When my son was diagnosed with bipolar disorder virtually two years ago, there was so much I didn’t know.
I knew about manic and depressive countries, but had no idea they could be mixed. I knew about cycling, but had never heard of rapid cycling. I knew of medications, but were not aware that for many of them, the side effects can actually exacerbate the disorder.
I knew my sweet son required assist, but I had no idea how to get it for him.
Two years later, I can candidly say that almost every practical thing I have learned has come from a single, but necessary source —
Other parents of mentally ill infants .
Yes, there are great volumes that offer the basics — the drugs available, the school accommodations necessary, the steps and tests for proper diagnosis, and a best guess as to treatment. These books covered about 25 percent of what I needed.
Everything else has come from living through my son’s own painful experience and the help of other mamas and papas in the same barge.
No matter what the actual diagnosis( bipolar disorder, schizophrenia, schizoaffective disorder, major depressive disorder, etc .) there are parts of our experiences as parents that are shockingly similar, and yet, they are the portions no one genuinely talks about when it comes to parenting a mentally ill child.
In an effort to help parents who do not walk this path with us understand a bit more, and to promote all the mamas and dads who do, I put together a summing-up of what we wish was better understood about childhood mental illness.
What Parents Of Children With Mental Illness Wish You Knew
We are doing everything we know to do, and it still isn’t enough .
It may not seem like it sometimes, but we have expended years trying to figure out how best to assist most children. Medication trials, therapists, hospitalizations, and more drug trails — we are and have been doing every single thing we know to do and often, it still isn’t enough.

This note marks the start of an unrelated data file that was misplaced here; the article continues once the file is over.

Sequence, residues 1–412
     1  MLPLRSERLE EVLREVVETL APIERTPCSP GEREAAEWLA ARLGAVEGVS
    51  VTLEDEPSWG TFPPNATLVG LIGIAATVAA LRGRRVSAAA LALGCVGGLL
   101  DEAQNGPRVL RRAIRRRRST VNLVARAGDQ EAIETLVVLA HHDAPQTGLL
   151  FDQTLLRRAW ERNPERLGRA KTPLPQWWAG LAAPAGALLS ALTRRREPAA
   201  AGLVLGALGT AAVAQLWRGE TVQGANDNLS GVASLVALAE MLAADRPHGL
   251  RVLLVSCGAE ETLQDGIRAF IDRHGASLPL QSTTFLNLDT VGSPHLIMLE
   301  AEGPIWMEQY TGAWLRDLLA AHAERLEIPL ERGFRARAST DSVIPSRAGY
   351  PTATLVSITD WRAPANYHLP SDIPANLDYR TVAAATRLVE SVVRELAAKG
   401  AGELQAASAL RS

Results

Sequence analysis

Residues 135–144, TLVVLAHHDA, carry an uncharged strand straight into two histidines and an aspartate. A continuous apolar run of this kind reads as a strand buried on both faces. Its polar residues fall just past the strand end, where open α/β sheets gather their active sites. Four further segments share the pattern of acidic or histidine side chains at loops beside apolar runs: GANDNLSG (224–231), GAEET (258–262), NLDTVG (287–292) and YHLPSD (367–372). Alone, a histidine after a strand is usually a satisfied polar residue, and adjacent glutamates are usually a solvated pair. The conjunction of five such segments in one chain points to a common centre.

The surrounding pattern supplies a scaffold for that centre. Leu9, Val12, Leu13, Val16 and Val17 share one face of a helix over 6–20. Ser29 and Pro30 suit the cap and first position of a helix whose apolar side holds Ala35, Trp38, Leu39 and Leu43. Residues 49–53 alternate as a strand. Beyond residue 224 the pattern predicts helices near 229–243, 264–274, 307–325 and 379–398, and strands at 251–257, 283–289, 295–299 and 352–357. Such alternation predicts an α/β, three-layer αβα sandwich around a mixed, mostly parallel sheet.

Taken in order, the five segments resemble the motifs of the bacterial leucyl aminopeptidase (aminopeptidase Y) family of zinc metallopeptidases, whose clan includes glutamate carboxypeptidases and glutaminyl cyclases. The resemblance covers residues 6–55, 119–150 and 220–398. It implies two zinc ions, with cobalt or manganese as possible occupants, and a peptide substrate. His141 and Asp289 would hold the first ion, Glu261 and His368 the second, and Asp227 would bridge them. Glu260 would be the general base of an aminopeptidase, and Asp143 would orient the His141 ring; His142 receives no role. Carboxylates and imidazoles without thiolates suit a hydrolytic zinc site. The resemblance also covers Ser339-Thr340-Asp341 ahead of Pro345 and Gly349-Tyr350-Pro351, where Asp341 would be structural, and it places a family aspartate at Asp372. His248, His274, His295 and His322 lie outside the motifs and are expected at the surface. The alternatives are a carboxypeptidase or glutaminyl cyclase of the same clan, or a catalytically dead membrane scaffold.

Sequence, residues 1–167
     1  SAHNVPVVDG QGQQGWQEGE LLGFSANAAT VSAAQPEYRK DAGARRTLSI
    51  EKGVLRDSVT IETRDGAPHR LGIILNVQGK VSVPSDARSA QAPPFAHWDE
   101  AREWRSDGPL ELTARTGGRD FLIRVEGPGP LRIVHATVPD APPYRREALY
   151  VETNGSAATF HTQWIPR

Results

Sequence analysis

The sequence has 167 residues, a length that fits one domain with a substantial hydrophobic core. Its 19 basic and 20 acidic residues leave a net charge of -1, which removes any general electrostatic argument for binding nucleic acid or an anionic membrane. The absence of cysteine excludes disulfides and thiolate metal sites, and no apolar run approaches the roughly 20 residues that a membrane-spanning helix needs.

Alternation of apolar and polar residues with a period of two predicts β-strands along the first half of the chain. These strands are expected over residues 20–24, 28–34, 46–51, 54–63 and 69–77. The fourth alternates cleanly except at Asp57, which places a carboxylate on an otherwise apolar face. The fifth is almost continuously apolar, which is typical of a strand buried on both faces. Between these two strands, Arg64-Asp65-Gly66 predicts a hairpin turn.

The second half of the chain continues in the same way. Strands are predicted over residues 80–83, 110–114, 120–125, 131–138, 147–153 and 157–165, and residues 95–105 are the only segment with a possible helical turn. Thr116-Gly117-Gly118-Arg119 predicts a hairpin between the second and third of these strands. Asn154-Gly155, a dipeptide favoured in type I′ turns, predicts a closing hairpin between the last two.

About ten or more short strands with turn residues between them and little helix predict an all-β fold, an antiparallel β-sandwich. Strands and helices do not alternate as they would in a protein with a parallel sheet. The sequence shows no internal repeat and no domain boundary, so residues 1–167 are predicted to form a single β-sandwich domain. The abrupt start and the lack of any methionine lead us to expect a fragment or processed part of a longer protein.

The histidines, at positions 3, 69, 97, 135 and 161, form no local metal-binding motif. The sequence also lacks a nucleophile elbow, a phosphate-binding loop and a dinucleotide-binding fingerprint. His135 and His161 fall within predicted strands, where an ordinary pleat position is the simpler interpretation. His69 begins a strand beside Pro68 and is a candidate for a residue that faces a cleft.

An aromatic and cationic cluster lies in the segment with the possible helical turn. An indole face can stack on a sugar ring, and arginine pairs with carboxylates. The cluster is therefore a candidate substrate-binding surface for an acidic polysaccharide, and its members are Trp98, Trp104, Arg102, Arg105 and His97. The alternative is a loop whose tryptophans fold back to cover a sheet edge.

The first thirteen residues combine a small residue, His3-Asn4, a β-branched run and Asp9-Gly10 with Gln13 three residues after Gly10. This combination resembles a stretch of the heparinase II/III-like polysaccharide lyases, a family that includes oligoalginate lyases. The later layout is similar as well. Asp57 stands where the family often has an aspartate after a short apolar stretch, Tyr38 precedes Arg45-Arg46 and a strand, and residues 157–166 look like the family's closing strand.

And that leads me to…
Resources are shockingly lacking .
When my son was first diagnosed, I thought it meant we would now have access to treatment options and doctors that would greatly improve his quality of life.
I love the doctors we work with, but I could not have been more wrong. Let me share a painful, but illustrative example.
Last fall, my son went through a horrible mixed episode with psychosis. He was literally out of his intellect and sure that he needed to kill me and himself. I won’t go into all the details, in an effort to protect his precious heart, but it was really, really bad. We went to three ER’s( the only option we are given for these types of situations ) and were turned away. My son was hurting himself and me, all the time, and there were simply no beds available anywhere in the area.
Luckily, we have a wonderful psychiatrist who helped us come up with a home therapy plan that stabilized him within a few weeks. But please hear me when I say, it took weeks and we had no recourse in the meantime .
The younger the child, the less anyone truly knows what to do .
Because most of these diagnosis didn’t even exist in pediatric practice 10 years ago, the truth is, we are on our own. Yes, we have wonderful therapists who devote us ideas for behavioral management and doctors who work with us to see if any medications might help, but the reality is that there is just not enough information about how all of this works in children under age 12.